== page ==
|John Cribbin||Hong Kong||Hong Kong Cricket Association||Vice-President|
|Shashank Manohar||India||Board of Control for Cricket in India|
|Ravi Sehgal||Thailand||Cricket Association of Thailand|
|Mohan de Silva||Sri Lanka||Sri Lanka Cricket|
|Shaharyar Khan||Pakistan||Pakistan Cricket Board|
|Nazmul Hasan||Bangladesh||Bangladesh Cricket Board|
|KH Imran||Singapore||Singapore Cricket Association|
|Jigme N. Norbu||Bhutan||Bhutan Cricket Council Board|
|Haider Farman||Kuwait||Kuwait Cricket|
|Anurag Thakur||India||Board of Control for Cricket in India||Ex Officio; ACC Chief Executive|
|Ashley De Silva||Sri Lanka||Sri Lanka Cricket||Ex Officio|
|Nizam Uddin Chowdhury||Bangladesh||Bangladesh Cricket Board||Ex Officio|
|Subhan Ahmad||Pakistan||Pakistan Cricket Board||Ex Officio|
ACC Development Committee
- Chairman: Vacant
- Mazhar Khan – Emirates Cricket Board
- Ex-Officio: Thilanga Sumathipala – Sri Lanka Cricket
- Convenor; ACC Development Manager: Thusith Perera – Sri Lanka Cricket
- Afzalur Rahman Sinha – Bangladesh Cricket Board
- Badar M. Khan – Pakistan Cricket Board
- P Krishnasamy – Malaysian Cricket Association
ACC Women's Committee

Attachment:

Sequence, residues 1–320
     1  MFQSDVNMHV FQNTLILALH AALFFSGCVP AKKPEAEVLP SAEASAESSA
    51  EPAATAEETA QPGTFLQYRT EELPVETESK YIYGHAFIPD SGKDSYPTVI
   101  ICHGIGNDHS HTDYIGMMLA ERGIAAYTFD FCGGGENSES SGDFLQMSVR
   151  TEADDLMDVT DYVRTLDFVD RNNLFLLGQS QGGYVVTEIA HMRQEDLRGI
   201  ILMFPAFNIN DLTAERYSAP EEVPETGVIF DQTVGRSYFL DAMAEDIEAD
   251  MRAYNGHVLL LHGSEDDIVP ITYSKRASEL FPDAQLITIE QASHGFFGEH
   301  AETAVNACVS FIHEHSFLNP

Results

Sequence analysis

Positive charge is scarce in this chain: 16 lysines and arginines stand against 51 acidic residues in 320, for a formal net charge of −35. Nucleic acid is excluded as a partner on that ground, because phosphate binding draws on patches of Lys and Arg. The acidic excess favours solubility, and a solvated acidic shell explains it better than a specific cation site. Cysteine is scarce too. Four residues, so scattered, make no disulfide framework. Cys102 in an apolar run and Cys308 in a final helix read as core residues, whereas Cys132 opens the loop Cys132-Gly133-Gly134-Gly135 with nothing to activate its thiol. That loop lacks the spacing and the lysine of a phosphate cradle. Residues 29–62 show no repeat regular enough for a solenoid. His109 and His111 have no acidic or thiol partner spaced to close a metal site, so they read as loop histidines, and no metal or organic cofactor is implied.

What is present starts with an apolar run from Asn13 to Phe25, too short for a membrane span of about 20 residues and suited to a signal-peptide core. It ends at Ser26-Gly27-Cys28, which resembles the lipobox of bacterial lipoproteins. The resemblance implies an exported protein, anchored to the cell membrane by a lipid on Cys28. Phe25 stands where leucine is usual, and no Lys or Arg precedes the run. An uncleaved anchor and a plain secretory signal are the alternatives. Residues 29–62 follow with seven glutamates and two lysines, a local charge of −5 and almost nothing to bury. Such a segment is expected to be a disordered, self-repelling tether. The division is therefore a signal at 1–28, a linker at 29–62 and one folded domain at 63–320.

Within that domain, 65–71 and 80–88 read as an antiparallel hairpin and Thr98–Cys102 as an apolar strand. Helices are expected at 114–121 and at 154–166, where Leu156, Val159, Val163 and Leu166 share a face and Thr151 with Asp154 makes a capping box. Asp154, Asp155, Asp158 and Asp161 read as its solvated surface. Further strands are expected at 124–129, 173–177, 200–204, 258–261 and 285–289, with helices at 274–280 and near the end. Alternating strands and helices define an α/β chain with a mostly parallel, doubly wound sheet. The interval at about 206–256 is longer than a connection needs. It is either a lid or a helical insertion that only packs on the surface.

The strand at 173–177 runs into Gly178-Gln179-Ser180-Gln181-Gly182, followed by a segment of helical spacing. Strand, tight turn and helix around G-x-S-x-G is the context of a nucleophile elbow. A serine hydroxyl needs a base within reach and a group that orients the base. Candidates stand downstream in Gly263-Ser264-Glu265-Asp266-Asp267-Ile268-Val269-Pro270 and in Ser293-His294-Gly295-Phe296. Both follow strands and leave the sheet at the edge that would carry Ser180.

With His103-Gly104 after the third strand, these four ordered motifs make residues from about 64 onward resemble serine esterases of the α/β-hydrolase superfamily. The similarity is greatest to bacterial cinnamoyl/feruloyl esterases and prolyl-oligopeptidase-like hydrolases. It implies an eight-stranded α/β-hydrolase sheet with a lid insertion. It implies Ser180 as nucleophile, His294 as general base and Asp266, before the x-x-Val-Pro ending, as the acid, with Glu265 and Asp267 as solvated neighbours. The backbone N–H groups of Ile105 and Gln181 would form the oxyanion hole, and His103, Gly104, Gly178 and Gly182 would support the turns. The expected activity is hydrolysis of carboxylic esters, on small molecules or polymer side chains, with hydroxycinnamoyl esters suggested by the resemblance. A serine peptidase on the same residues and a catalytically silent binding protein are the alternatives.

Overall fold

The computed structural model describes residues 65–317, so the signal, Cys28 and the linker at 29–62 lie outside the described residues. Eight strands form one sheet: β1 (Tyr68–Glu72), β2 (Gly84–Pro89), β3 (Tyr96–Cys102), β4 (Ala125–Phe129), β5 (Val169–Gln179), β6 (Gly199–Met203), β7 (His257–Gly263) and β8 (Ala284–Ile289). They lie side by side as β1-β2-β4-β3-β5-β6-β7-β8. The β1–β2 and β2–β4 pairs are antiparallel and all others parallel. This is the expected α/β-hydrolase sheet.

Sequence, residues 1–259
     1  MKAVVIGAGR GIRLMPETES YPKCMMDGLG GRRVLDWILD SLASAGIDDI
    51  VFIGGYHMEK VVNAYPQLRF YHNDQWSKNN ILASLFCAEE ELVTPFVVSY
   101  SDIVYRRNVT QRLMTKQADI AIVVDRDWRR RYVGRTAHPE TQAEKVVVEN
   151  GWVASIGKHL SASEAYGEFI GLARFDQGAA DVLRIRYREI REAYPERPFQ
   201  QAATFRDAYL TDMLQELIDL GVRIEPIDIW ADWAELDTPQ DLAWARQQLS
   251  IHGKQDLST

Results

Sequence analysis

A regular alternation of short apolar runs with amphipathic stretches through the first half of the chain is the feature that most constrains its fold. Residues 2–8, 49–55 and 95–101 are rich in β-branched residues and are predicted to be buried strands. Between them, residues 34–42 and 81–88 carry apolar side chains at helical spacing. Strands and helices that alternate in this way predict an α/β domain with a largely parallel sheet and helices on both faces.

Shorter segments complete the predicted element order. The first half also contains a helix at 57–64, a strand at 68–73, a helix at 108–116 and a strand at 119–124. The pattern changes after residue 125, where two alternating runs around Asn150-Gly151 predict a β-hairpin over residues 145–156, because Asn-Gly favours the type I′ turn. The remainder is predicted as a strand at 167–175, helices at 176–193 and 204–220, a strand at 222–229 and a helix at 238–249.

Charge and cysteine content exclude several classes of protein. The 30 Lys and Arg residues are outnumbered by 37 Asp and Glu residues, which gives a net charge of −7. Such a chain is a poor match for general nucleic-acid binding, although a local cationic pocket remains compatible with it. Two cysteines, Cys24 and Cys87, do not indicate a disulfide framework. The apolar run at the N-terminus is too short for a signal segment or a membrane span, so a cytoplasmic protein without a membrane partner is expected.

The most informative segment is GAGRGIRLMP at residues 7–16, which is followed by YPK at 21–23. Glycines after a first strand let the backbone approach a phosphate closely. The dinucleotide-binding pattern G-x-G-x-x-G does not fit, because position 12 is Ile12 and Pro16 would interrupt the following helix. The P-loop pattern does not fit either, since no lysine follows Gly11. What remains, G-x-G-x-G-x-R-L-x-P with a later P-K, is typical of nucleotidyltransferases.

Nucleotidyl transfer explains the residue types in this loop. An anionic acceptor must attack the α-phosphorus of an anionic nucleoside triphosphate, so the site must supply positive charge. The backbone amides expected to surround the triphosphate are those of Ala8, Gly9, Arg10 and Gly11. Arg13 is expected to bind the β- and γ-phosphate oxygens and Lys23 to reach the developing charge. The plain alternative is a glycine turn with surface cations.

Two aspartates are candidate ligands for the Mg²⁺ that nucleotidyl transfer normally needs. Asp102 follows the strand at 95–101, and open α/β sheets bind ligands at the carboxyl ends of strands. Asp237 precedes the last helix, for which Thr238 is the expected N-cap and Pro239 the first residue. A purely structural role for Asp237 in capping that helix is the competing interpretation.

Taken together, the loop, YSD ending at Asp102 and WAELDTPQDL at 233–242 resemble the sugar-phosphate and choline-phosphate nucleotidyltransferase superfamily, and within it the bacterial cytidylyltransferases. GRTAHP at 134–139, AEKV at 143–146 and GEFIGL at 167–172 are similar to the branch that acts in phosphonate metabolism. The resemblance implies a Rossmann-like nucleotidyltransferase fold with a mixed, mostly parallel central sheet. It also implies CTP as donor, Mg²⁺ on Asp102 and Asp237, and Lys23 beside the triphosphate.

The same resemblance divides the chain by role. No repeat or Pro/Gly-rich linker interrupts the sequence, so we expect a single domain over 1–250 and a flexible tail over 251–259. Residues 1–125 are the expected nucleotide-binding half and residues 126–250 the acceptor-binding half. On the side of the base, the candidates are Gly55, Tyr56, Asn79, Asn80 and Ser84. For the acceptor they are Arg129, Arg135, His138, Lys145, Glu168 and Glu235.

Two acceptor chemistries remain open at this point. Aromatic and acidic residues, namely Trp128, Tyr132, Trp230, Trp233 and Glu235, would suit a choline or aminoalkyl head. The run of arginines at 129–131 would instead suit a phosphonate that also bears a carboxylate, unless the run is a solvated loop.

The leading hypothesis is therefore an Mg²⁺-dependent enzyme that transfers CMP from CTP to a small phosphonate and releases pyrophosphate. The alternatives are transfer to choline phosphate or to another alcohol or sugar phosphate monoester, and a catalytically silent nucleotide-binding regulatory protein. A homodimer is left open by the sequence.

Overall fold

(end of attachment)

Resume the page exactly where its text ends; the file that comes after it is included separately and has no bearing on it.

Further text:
- Chairperson: Shubhangi Kulkarni – Board of Control for Cricket in India
- Vanessa de Silva – Sri Lanka Cricket
- Bushra Aitzaz – Pakistan Cricket Board
- Monowar Anis Khan – Bangladesh Cricket Board
- Agnes Ng – Hong Kong Cricket Association
- Ex Officio: Thusith Perera
- Ex-Officio: Syed Ashraful Huq
Resource Staff (Umpiring)
- Susan Moorthy – Development Program Assistant
- Ganesan Sundarammoorthy – Compliance Officer
2. Gamini Dissanayake (Sri Lanka) – 1985–87
3. Lt. Gen. GS Butt (Pakistan) – 1987
4. Lt. Gen. Zahid Ali Akhbar Khan (Pakistan) – 1988–98
5. Anisul Islam Mahmud (Bangladesh) – 1989–91
6. Abdulrahman Bukhatir (UAE) – 1991–93
7. Madhavrao Scindia (India) – 1993
8. IS Bindra (India) – 1993–97
9. Upali Dharmadasa (Sri Lanka) – 1997–98
10. Thilanga Sumathipala (Sri Lanka) – 1998–99
11. Mujibur Rahman (Pakistan) – 1999
12. Zafar Altaf (Pakistan) -1999
13. Lt. Gen. Tauqir Zia (Pakistan) – 2000–02
14. Mohammad Ali Asghar (Bangladesh) – 2002–04
15. Jagmohan Dalmiya (India) – 2004–05
16. Sharad Pawar (India) – 2006
17. Jayantha Dharmadasa (Sri Lanka) – 2006–07
18. Arjuna Ranatunga (Sri Lanka) – 2008
19. Dr. Nasim Ashraf (Pakistan) – 2008
20. Ijaz Butt (Pakistan) – 2008–10
21. Mustafa Kamal (Bangladesh) – 2010–12
22. N. Srinivasan (India) – 2012–14